Pastors Should Preach The Gospel Not Endorse Politicians

By ELIJAH CORBITT Staff Writer

Tensions continue to rise as November draws near on both sides of the campaign trail. Insults are constantly hurled and the media continue to enflame this kind of rhetoric leaving many Americans feeling as if they’re only in a position to choose between the lesser of two evils. With two presidential candidates who seem unfit to lead the free world, many people are seeking sound advice to help them decide in whom they should cast their vote.

One place people gather for guidance is a place of worship. Internal Revenue Code section 501(c)(3) puts churches at risk of losing their tax-exemption status if they publicly endorse a candidate. However, I do not find it appropriate for pastors to be endorsing candidates from the pulpit. The pastor’s job is to speak strictly from the Bible, and the Gospel cannot be diluted.

If a minister chooses to use anything besides the Bible as a source of preaching, it is simply not preaching. Even if it is Christian-themed, inspirational, or even morally sound, anything less than a biblical sermon is a speech. When preaching, touching on political hot topics or moral statements is inevitable. For example, if a sermon is based on Psalm 139, you can’t help but affirm the sanctity of life. Many pastors today use a style known as expository preaching which is a form of preaching that details the meaning of a particular scripture. When using this style, pastors must be wise enough to let the scripture guide the sermon, and trying to incorporate political talking points would be spiritual malpractice.

It is quite amusing when certain groups on the right of the political spectrum want pastors to “speak up”. What they want is for pastors to endorse a specific candidate. Of course pastors are speaking up, just not about a particular candidate or political hot topic. Many people are quick to say pastors are being too passive, but are even quicker to forget that congregations have many different political affiliations.

If a minister chooses to use anything besides the Bible as a source of preaching, it is simply not preaching.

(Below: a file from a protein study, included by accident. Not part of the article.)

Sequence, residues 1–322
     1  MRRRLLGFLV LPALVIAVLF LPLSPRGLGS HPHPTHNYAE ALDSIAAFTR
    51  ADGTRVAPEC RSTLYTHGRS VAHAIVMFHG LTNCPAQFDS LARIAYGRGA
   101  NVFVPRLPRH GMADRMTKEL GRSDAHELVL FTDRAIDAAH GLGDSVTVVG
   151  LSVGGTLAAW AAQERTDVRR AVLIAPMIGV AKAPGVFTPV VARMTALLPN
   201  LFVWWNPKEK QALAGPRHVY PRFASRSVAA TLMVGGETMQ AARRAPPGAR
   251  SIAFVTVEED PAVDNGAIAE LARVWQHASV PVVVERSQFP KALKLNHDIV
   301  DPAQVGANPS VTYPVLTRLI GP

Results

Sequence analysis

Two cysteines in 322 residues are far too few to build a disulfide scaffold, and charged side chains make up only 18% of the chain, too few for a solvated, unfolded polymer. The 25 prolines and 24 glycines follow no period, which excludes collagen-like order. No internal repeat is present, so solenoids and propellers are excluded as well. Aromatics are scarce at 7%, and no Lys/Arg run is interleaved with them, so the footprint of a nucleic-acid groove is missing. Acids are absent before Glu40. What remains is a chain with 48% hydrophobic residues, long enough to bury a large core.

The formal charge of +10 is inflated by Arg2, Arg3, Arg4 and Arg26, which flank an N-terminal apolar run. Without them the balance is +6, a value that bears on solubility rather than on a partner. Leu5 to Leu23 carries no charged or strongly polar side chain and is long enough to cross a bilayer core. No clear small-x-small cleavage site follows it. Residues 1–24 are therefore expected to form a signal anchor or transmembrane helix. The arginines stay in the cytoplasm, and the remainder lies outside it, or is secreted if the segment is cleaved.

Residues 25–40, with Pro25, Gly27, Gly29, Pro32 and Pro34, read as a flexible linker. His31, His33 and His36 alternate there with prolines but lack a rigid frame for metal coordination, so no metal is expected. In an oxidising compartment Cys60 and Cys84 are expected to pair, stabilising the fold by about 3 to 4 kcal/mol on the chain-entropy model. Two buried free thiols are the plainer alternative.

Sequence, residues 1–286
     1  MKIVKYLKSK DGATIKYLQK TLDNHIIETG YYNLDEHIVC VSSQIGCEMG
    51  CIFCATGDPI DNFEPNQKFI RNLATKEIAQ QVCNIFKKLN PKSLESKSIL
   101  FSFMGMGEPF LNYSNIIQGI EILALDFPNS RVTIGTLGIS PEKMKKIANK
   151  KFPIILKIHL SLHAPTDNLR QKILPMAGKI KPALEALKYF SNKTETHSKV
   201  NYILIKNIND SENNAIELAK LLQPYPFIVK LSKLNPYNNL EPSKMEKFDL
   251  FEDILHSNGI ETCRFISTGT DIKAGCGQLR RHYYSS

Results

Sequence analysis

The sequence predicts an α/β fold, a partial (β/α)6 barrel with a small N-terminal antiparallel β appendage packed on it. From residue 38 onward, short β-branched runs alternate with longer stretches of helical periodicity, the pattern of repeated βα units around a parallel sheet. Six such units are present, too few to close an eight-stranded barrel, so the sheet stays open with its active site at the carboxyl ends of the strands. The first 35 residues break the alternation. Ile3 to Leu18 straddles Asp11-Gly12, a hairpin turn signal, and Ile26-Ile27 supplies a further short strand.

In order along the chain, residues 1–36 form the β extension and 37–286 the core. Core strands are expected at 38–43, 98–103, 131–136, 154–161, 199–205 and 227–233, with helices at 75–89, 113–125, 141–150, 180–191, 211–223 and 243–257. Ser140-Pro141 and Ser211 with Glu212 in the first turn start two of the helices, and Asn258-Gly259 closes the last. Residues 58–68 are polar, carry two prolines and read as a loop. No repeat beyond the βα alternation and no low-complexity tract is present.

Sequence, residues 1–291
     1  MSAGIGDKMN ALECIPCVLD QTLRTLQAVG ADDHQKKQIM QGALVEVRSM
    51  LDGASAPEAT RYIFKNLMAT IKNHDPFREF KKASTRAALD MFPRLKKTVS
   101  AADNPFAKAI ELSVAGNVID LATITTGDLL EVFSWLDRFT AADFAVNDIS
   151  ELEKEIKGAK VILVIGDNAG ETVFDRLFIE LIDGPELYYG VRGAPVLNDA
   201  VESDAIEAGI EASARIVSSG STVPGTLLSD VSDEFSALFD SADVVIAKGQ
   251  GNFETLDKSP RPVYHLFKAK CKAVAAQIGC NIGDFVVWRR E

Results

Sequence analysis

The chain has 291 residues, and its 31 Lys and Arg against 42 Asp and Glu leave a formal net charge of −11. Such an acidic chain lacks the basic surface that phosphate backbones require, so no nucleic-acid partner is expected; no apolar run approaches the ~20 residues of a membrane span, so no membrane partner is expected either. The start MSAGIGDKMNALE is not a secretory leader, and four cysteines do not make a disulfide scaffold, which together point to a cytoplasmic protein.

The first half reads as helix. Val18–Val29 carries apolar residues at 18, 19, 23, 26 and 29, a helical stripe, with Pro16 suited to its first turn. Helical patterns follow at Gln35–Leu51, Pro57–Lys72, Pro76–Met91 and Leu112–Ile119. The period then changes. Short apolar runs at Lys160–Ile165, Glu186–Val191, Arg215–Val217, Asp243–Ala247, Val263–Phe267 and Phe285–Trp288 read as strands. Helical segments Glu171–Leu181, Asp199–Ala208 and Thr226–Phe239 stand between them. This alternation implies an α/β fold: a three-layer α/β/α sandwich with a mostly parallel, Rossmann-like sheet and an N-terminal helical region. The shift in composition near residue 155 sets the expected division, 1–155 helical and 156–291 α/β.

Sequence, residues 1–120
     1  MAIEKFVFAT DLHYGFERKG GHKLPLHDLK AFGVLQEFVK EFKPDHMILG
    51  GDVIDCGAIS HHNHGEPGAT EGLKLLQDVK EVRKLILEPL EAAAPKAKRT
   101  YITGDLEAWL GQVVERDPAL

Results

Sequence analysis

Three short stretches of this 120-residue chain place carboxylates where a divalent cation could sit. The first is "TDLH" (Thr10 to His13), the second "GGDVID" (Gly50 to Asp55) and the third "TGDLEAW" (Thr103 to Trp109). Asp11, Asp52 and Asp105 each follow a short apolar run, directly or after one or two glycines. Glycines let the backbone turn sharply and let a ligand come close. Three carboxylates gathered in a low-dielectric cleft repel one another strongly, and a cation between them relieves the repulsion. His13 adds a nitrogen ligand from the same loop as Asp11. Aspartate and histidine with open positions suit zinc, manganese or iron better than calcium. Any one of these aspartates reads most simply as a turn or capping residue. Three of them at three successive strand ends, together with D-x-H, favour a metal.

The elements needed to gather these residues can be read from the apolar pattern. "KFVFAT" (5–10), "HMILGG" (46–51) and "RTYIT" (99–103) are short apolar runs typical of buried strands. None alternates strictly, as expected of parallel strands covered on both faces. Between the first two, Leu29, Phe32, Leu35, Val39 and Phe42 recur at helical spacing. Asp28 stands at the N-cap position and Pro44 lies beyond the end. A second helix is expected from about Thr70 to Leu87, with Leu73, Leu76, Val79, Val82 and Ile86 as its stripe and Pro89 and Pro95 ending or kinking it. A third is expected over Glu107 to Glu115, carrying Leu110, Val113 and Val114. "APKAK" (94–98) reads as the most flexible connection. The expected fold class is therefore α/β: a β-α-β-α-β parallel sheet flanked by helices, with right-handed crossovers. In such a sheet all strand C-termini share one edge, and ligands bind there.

Churchgoers and leaders on the left and right of the political spectrum must realize that the Bible cuts both ways. 1 Corinthians 7 is a concrete example of the Bible supporting traditional marriage between a man and a woman, and Jeremiah 1:5 validates life at all stages of production. Many people on the right will take those verses and say all Christians must vote republican. However, that train of thinking is wildly incomplete. You will find many scriptures on justice, caring and taking care of the poor, along with the treatment of immigrants. I often hear many republicans say, “The left is in opposition to everything they stand for as Christians.” I find that ironic because Jesus’ main antagonists throughout the Gospels were the Pharisees and they would be considered the religious right of ancient times. Pastors should never bow to any political party or their talking points.

“The way the message is carried and who carries the message will influence what people think about the message,” Pastor Nate Howard, senior pastor of Living Faith Alliance Church eloquently says. “If we align ourselves too closely to someone like Donald Trump, people will interpret it through what they see in the life of Donald Trump.” This isn’t Trump bashing or Hilary Clinton praising, but what he is saying is there’s no room for the Gospel to be politicized.

Of course churches should engage in culture and the important issues of the day, but the engagement must be an outgrowth of the sanctifying work of the Gospel. This isn’t about shying away from endorsements because of the IRS, but because Jesus Christ must be at the center of every sermon.